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TIMMS: Duty-dual councillors would be a positive step

19 Oct 2016
Bruce Timms, special to Postmedia Network
Monday, October 3, 2016 4:56:34 EDT PM

In response to Grant LaFleche’s column Sept. 17, ‘Dual-duty innovation now on life support.’ Is it on life support — or has it been given new life?

Steven Soos, who spoke at regional council last month, and St. Catharines’ young city councillor Mike Britton supported the dual-duty by ward model. Do they reflect a trend among younger citizens?

The desire for change, for improvement, for more direct and less complicated government is present in Niagara’s youth; and I have heard it for many years among my generation.

It might be useful to look outside Niagara and see how many Ontario cities and towns use a dual-duty by ward system.

The concern about a ward councillor being too close to the people in the ward is sometimes called parochialism. Oakville has been using dual-duty by ward for more than 25 years, and similar to St. Catharines it is a city of six wards, 183,000 people. Parochialism is not a large problem for them.

When it comes to representing your ward at regional council as one councillor out of 30, perhaps you should be a little bit parochial. Our political structure is based on balancing the tension between the interests of the local constituency and the interests of the region.

The dual-duty innovation will, I think, get new life from more public meetings.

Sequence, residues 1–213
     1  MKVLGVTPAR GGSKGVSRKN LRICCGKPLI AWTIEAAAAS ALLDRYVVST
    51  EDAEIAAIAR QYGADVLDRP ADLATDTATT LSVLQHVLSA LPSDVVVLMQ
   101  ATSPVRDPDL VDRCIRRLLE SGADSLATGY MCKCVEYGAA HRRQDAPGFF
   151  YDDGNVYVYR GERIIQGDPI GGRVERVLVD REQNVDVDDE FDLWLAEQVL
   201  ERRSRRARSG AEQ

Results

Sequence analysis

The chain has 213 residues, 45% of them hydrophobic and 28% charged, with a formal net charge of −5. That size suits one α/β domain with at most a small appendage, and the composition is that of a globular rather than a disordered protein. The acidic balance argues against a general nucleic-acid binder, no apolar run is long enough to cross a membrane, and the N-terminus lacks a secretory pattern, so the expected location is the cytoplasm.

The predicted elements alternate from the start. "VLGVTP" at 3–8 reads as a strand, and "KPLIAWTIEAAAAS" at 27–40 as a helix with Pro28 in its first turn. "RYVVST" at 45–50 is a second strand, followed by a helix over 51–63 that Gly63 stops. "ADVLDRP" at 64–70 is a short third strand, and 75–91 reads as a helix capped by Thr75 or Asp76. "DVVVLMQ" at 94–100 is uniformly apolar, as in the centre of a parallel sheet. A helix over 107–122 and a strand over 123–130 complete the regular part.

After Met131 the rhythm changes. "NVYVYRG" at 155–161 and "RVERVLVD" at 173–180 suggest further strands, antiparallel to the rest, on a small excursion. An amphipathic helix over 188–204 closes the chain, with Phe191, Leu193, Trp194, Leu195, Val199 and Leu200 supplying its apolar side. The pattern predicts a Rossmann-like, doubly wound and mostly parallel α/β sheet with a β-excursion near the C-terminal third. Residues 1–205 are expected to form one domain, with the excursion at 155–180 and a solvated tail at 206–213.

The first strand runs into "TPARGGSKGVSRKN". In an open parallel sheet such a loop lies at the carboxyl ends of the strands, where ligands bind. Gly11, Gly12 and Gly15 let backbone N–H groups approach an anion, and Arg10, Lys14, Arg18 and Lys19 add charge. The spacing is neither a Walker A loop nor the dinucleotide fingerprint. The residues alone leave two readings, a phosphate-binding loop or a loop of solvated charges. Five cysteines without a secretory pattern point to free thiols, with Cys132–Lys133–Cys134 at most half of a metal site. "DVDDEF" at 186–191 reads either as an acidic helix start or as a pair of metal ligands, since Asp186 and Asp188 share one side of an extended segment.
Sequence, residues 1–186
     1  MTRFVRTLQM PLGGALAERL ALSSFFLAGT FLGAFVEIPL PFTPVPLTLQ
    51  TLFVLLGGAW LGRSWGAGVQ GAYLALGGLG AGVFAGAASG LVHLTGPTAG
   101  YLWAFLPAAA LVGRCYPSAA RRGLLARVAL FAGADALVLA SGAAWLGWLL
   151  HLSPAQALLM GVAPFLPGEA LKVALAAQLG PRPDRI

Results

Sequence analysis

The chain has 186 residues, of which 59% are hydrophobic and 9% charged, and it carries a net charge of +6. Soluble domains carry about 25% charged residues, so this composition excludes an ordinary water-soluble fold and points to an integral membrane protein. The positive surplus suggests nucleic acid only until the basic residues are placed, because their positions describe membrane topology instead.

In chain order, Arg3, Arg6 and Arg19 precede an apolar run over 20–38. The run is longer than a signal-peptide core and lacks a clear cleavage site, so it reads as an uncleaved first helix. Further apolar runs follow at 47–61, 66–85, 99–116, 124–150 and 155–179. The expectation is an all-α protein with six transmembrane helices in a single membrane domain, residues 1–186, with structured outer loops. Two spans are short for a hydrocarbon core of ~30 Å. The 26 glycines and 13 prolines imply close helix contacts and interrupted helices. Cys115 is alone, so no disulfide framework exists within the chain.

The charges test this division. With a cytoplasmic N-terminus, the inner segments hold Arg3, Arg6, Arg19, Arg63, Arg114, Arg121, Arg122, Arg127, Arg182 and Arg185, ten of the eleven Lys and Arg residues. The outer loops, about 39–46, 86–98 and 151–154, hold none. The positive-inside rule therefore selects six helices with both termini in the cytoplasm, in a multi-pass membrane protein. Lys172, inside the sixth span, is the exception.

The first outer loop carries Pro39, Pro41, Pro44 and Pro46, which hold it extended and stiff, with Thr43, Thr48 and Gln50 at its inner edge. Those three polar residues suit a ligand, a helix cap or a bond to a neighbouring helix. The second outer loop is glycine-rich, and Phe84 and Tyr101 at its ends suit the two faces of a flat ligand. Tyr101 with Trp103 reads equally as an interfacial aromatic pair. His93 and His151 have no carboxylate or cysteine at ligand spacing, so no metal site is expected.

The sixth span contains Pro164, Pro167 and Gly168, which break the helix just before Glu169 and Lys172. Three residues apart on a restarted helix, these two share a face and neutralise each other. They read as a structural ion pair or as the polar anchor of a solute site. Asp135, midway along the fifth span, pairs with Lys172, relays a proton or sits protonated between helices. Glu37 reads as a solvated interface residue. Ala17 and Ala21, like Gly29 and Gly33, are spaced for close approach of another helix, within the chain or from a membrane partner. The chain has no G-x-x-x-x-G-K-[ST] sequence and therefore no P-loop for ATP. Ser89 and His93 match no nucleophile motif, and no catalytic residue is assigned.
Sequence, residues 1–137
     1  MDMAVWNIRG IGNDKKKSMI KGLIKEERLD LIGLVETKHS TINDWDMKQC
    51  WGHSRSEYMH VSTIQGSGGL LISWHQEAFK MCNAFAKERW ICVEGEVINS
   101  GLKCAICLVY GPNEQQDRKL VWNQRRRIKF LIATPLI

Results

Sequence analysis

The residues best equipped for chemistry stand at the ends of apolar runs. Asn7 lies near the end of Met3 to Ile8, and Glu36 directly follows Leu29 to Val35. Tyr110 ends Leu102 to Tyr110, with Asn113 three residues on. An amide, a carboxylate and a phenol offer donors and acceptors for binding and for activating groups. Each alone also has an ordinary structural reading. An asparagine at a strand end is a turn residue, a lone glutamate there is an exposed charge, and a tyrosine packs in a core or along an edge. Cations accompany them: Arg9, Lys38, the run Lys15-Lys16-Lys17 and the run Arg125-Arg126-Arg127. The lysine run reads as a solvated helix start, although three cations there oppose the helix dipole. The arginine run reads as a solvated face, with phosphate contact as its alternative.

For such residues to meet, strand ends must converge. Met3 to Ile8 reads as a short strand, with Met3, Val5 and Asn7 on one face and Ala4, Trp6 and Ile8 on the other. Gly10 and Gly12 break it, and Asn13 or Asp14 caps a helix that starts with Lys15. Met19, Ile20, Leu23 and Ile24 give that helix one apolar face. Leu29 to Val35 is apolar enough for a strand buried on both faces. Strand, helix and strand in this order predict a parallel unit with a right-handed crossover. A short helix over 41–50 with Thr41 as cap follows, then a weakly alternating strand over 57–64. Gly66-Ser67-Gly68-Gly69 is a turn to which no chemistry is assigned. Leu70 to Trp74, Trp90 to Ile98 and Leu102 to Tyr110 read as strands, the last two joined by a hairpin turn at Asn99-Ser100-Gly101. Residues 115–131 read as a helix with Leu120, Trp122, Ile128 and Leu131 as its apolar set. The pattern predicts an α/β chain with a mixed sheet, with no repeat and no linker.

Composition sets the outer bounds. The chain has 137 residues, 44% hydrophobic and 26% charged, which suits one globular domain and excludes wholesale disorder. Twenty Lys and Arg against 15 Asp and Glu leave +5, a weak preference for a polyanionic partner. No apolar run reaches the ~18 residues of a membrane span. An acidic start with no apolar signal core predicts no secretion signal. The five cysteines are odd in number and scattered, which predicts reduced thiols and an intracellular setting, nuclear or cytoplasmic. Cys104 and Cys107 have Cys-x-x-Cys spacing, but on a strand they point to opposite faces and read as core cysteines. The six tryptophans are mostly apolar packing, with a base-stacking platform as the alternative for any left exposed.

What is “on life support” is any progress at all for the next term. As Mayor Walter Sendzik explained, the process for change is long and complicated. The city passed a motion by a 9-4 vote to ask the Region to request the minister of municipal affairs to consider and post the regulation for this specific change for St. Catharines: Dual duty by ward.

The Region said yes. The minister said yes, and posted the regulation, “Dual duty by ward for St. Catharines only.” That’s it.

So there are no other options available for the next election: Dual-duty by ward or no change at all.

George Darte had a good question about the survey: “Where was Option 3?”

The survey said, “Do you like dual duty by ward? Yes or no.”

The survey could have said, “Dual duty by ward or no change. Pick one.” There is no Option 3 available for the next election.

In my mind, it is change for the better that is “now on life support.” By ward or at large, councillors who sit at both the Region and on city council can be much more effective for the citizens.

Access to staff at both city and Region will better enable councillors to resolve issues like: whose road is it, who controls the water rate, who looks after social housing and the homeless?

The mayor will have a lot of help from the six city councillors who have responsibility at both the city and Region. Is the real question, ‘election by ward or election at large?’

Good question, but city council has already decided it will be dual-duty by ward.

So now the question is: change or no change? Improvement or no improvement? That’s what is “on life support.”

— Bruce Timms is a Niagara regional councillor for St. Catharines
Last Modified: October 19, 2016 08:11 PM
Related Articles: TIMMS: Regional council staying on track with progress Councillors want more spending on roads Some candidates want fewer regional councillors
Dual Duty LaFleche Timms

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